London Concours 2023 to Make Green Great Again with Dedicated Class
The London Concours, presented by Montres Breguet, is delighted to announce the latest class – ‘Make Green Great Again’ which will take centre stage at this years’ event, that kicks off on Tuesday. Inspired by the popular social media trend, ‘Make Green Great Again’, and curated by the creator of the original @makegreengreatagain page on Instagram, this class, presented by Bespoke Handling, will celebrate the very best examples of special cars that dare to be different, specified in a wide range of unusual verdant hues. There will be no red Ferraris or understated silver Aston Martins here – this is a class revelling in the automotive gems that are Making Green Great Again.
Among the rarities on display will be a wonderful Jaguar XK120 – among the last roadsters built in RHD. It was delivered, as a company car, to F Parham Ltd, in Gillingham, Kent in July 1953. The car was the personal transport of boss Leonard Francis Parham who, as a keen rally driver, also drove it competitively. After this, the XK passed through three subsequent owners, before being acquired in January 1968 by a young engineer, Douglas Potter. He achieved some success in the emerging XK Register racing series, but laid the car up for around 40 years. It has now undergone a full chassis-off restoration to FIA specification.
The class will also feature a stunning Aston Martin DBS, featuring what is believed to be a unique specification of a Pentland Green exterior over a Parliament Green interior – so very much at home in our line-up. The DBS superseded the much-loved Vanquish as the Aston Martin flagship in 2008, taking the famed, naturally aspirated 5.9-litre V12 to 510bhp and 420lb ft, with inspiration from the thunderous DBR9 and DBRS9 GT racing cars of the time. The competition machines also informed the DBS’s dramatic styling, and the use of carbonfibre on the bonnet, boot, front wings and door-opening surrounds. The result is a car that can hit 62mph in 4.3 seconds and 192mph.
The Honourable Artillery Company will also play host to an exceptional Porsche Carrera GT with a body by Zagato. Originally supplied to the German market, in 2019 this example was sent by the current owner to famed coach builders Zagato in Italy – where it was converted into a GTZ with the fitment of new panels and bespoke trim. Zagato projects are typically produced with OEM blessing; the conversion is respectful to homologation requirements, and as such the car remains mechanically standard. However, the conversion does result in a slight weight saving. Finally, the unique paint colour was mixed to complement the green interior leather.
The display will include an example of the ultimate road-going expression of the Ferrari 488, the Pista – finished in Verde Francesca, an entirely new Ferrari colour named by the owner of this very car. The Pista took aesthetic inspiration from the 488GTE and 488 Challenge racing cars. The biggest change came at the front end, which channels air through ducts in the bumper before directing it through a large vent in the bonnet. This helps to create more downforce over the nose at very high speeds. Such measures, as well as the use of underbody and rear diffusers, means the Pista creates 20 percent more downforce than the 488GTB. Meanwhile, the 3.9-litre twin-turbo V8 powerplant pushes out 710bhp at a screaming 8000rpm, in a car 91kg lighter than the GTB.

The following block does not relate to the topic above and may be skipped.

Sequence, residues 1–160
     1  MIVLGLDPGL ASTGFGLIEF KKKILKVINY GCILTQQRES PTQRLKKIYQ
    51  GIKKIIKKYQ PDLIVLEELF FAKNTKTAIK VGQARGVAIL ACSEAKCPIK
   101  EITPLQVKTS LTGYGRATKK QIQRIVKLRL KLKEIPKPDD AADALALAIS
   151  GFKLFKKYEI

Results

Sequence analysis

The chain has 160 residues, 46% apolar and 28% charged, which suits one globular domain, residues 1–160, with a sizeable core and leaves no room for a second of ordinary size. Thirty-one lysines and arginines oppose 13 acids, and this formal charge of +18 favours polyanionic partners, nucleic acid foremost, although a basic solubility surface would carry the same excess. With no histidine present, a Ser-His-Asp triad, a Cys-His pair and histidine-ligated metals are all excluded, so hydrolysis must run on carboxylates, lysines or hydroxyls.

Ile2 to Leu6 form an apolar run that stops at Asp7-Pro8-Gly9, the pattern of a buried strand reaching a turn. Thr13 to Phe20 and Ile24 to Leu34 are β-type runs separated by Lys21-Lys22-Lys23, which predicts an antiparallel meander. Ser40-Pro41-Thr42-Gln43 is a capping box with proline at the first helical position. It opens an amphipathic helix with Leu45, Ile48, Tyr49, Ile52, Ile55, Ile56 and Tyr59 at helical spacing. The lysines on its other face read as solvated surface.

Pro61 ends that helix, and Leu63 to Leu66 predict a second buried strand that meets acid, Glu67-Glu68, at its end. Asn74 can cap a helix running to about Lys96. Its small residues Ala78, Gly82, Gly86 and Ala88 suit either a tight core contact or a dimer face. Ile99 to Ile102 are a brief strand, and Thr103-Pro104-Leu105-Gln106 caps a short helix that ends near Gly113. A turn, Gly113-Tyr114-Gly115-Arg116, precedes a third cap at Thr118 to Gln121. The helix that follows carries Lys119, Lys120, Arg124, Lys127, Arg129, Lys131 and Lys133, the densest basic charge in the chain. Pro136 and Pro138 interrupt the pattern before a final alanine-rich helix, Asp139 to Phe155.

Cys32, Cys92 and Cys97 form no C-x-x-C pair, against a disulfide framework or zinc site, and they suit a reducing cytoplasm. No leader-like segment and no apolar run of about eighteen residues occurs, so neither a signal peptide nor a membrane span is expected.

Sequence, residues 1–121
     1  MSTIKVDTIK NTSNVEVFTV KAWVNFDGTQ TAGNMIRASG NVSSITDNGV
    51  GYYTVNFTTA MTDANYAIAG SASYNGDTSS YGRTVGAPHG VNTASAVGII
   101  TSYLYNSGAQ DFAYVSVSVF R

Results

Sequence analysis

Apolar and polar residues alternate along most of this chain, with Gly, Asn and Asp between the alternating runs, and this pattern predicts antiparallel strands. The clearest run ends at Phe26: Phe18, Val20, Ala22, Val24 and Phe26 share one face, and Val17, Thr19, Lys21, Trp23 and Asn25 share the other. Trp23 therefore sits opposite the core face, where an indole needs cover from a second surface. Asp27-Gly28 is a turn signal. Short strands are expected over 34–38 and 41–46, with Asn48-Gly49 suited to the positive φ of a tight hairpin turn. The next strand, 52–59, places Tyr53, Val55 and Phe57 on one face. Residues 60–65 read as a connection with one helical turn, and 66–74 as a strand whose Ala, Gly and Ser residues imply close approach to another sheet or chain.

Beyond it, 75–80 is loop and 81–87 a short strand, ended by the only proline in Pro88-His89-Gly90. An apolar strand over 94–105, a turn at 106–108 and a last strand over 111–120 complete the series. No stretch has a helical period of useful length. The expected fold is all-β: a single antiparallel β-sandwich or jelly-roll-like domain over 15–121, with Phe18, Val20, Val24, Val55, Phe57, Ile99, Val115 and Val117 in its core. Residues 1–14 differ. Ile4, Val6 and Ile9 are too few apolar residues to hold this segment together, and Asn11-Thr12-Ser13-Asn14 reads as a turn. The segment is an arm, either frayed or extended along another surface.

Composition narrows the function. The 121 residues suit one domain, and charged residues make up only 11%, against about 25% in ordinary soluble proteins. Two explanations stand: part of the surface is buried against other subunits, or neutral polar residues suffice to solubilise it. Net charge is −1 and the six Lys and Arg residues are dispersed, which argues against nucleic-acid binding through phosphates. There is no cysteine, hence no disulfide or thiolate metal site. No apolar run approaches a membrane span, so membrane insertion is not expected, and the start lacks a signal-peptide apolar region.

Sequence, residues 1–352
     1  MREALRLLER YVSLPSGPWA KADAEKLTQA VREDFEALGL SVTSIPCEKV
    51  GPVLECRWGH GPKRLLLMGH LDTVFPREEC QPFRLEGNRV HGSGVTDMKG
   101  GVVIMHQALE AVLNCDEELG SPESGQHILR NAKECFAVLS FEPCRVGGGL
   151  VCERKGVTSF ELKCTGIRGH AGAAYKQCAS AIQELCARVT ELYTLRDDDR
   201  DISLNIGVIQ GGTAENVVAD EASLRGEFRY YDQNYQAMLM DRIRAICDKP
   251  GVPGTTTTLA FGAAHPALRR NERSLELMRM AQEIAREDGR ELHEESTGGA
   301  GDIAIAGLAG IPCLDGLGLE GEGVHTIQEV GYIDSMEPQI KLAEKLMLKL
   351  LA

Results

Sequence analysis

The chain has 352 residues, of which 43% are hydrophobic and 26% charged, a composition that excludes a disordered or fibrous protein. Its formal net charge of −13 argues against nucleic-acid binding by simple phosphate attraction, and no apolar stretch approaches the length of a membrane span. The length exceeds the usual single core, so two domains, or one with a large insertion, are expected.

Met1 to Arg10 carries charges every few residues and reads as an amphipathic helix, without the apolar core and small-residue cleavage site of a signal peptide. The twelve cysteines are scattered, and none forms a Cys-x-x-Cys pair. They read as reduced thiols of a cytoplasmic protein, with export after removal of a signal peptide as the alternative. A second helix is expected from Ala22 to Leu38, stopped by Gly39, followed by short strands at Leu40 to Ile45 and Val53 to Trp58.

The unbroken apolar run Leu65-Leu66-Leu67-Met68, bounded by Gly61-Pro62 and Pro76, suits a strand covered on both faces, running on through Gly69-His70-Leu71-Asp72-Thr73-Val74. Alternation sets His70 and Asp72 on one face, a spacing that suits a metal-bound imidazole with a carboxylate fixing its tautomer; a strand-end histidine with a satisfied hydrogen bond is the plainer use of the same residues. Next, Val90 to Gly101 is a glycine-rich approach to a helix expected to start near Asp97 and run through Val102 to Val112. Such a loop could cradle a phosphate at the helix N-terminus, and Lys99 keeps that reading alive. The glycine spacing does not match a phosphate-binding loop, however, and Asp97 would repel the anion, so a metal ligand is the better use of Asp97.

We’ll also welcome one of the most beautiful cars of the past 20 years to the HAC – the irresistible Alfa 8C. Alfa’s 8C arrived like a bolt of lightning – the 2003 concept so beautiful that it enraptured the world and its maker was pretty much forced to build it. Designed under the direction of Wolfgang Egger and constructed by Maserati, the 8C uses a 4.7-litre crossplane V8 similar to that of the GranTurismo, pumping out a heady 444bhp. Although it shares similarities with the Maseratis of the era, the 8C is shorter and lighter, making extensive use of carbonfibre. It has a transaxle, and places the engine far back under the bonnet to keep the mass centralised – the result is perfect 50/50 weight distribution. This example is particularly beguiling in its special green paintwork.
The line-up of green machinery will also include a very special Jaguar XJC, owned by the founder of EVO magazine and star of the YouTube sensation Harry’s Garage, Harry Metcalfe. Harry bought the Jaguar in 2014, and set about improving the performance and handling by fitting lower, stiffer springs, new dampers and bushes, and a shorter diff to enhance acceleration through the gears. The car was thoroughly enjoyed before a two- year restoration was started in 2020. Its paint is bespoke to the car; it started out as Aston Martin Minotaur Green, but Harry chose not to have the bronze ‘flip’ element included, so he asked a technician at Novol (which provided the paint) to do a mix without the flip. It’s now resplendent, a wonderful examples of this elegant, sporting British coupe.